“We have not approved any commercial operations by any Realtors,” he said.
But whether or not the FAA may penalize commercial drone operators remains a matter of dispute.
In March, National Transportation Safety Board Administrative Law Judge Patrick Geraghty dismissed the FAA’s case against the only person the FAA has attempted to fine for drone use so far, ruling that FAA policy notices governing commercial operation of drones were not produced through a formal rule-making process.
But the FAA immediately appealed the ruling, which it says has the effect of staying Geraghty’s decision as it undertakes a formal rule-making process to develop rules that will govern commercial drone operators.
“Legally, that means all rules are still enforced and the FAA is still enforcing them,” an FAA spokesperson said.
The spokesperson added that when the agency learns about unauthorized commercial drone operations, it typically asks the pilot to cease operations through a call or visit. If the operator doesn’t comply with the request, then the agency might send a warning letter.
Finally, “if all else fails, we might pursue a cease and desist order,” he said.
Highlight reel of drone footage captured by 3Sixty Strategies.
The FAA has sent cease and desist letters to a number of drone operators, but the spokesperson said he couldn’t easily determine if any of them used drones for real estate marketing purposes.
The spokesperson also noted that the only time the FAA sought to fine a commercial drone operator, it did so because the operator was piloting the drone in a reckless manner, not because the operator was using the drone for commercial purposes.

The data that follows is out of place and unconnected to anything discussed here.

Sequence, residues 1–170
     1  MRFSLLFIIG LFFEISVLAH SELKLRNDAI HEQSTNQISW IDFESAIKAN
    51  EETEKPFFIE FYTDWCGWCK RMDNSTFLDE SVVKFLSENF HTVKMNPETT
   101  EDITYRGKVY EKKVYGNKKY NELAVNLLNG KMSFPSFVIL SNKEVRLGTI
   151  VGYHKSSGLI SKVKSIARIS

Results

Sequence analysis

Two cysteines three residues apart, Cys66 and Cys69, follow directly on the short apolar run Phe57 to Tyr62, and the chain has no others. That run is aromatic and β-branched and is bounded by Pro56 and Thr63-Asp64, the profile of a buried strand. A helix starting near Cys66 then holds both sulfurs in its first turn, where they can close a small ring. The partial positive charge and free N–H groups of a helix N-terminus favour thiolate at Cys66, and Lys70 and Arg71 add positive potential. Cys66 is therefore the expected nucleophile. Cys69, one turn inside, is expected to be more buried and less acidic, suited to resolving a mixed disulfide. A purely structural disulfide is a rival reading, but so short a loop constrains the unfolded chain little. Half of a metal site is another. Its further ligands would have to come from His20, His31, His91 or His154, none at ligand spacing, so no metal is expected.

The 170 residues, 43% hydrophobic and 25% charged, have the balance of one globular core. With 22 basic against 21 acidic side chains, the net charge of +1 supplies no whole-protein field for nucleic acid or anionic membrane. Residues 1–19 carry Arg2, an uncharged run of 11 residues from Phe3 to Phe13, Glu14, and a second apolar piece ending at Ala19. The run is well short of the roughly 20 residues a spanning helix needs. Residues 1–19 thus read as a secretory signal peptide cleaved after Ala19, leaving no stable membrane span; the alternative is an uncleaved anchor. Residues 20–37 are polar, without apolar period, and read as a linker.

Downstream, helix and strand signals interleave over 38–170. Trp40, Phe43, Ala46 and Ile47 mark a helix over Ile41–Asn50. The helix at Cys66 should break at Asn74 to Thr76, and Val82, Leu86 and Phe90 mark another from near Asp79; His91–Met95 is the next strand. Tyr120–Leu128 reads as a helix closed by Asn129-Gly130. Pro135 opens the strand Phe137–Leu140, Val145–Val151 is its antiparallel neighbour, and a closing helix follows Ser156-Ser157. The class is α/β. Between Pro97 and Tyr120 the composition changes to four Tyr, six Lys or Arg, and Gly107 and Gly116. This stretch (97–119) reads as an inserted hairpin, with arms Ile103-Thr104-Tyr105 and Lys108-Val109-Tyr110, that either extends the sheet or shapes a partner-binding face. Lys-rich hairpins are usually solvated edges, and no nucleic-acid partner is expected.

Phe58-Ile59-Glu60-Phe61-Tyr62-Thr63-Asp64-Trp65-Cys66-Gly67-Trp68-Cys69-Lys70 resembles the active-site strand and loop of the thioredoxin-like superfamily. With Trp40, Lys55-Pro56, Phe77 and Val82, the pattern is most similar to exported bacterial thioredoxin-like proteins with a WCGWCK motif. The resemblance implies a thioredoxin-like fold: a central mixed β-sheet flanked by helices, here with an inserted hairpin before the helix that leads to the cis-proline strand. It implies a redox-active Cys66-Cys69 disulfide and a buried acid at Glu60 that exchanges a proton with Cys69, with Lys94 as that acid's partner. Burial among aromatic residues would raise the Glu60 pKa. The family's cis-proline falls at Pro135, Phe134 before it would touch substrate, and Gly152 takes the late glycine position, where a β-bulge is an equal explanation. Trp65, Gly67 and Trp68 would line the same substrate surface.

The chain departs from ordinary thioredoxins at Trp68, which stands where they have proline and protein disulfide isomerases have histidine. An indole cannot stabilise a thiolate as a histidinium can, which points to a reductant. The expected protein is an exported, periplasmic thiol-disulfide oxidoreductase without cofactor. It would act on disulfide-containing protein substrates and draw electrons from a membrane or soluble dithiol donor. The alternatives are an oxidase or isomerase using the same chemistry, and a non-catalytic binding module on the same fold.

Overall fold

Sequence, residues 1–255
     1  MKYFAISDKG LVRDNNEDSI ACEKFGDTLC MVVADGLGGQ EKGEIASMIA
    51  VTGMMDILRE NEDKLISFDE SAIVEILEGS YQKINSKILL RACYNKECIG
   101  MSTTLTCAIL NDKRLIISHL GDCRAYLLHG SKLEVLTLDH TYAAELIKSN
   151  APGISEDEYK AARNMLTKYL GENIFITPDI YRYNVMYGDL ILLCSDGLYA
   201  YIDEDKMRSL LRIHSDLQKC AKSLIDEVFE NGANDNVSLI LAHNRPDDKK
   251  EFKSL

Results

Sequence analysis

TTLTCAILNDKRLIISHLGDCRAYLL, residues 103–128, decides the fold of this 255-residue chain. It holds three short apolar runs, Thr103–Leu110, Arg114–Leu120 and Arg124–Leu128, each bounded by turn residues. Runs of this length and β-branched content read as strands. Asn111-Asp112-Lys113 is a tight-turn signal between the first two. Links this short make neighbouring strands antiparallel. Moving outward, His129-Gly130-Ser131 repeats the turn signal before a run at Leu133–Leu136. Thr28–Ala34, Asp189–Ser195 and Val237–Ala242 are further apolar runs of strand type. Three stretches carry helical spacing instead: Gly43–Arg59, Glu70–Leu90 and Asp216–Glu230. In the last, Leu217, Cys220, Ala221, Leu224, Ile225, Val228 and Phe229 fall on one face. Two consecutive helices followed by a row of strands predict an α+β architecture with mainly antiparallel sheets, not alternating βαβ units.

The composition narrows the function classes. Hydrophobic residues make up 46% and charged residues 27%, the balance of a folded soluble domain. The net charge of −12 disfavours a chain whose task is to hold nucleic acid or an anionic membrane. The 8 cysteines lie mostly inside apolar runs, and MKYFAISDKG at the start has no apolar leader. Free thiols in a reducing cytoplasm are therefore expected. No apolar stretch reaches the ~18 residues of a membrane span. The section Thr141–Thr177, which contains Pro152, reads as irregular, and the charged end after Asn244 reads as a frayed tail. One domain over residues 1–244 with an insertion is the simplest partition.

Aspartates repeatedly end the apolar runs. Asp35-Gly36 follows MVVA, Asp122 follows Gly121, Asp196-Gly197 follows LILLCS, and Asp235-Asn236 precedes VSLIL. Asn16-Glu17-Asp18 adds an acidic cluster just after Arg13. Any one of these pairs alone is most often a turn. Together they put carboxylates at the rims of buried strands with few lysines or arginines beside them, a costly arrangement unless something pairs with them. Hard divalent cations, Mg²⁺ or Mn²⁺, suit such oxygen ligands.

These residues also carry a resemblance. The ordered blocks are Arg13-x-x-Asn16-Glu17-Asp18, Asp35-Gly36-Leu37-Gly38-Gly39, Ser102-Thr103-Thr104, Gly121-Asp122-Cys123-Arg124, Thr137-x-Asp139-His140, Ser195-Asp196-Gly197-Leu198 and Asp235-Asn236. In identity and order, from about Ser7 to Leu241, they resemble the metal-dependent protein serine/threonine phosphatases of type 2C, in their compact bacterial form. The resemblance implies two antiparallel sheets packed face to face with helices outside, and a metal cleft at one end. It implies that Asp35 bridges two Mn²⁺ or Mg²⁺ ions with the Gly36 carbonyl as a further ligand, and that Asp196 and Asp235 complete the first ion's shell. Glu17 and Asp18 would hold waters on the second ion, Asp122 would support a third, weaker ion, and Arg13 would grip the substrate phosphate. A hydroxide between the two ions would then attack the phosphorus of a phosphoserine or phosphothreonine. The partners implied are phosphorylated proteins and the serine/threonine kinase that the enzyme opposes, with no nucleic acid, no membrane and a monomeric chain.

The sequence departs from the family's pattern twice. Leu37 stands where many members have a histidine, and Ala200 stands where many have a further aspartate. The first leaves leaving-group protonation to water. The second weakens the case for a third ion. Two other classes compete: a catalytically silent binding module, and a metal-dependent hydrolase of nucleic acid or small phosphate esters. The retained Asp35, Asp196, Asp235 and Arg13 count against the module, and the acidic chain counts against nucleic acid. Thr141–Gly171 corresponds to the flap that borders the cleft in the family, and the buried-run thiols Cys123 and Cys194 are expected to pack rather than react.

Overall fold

“There’s some light” for businesses that are eager to adopt drones, he added.
The FAA plans to introduce proposed rules for small drones later this year, and the rules may provide a more accessible legal means for pilots to use them for commercial ends, according to the spokesman.
“In general, it’s going to offer the policies and regulation and standards for a wide spectrum of users,” he said.
Once the FAA issues those rules, the agency must allow for an extended period of public comment before finalizing them. According to The Washington Post, a recent government audit estimated that those rules won’t become finalized until next year at the earliest.
A spokeswoman at the National Association of Realtors said it was just learning about the Post’s report, but that NAR “continues to advise Realtors against the commercial use of drones for marketing real estate until the FAA issues further guidance or regulations.”
Some brokers welcome the FAA’s scrutiny of drone operators.
“As a lifelong New Yorker, I would hate to think that there’s anything flying over my head that I don’t know about,” said Steven O. Goldschmidt, co-chair of the New York City listing service RLS.
Editor’s note: This story has been updated to include comments from spokeswomen for Halstead Property and Brown Harris Stevens, and a spokesman for the FAA.